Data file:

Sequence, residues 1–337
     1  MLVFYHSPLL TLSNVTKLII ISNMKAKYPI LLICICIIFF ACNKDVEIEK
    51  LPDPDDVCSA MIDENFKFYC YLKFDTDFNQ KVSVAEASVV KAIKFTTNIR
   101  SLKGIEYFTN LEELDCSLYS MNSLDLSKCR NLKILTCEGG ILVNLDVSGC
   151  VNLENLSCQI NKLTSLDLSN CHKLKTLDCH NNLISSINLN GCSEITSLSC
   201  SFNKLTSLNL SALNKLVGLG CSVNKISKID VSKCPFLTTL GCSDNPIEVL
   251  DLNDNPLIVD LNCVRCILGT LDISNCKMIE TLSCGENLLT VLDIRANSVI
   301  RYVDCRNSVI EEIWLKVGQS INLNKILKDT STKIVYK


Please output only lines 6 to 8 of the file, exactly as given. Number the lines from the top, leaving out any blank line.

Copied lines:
   201  SFNKLTSLNL SALNKLVGLG CSVNKISKID VSKCPFLTTL GCSDNPIEVL
   251  DLNDNPLIVD LNCVRCILGT LDISNCKMIE TLSCGENLLT VLDIRANSVI
   301  RYVDCRNSVI EEIWLKVGQS INLNKILKDT STKIVYK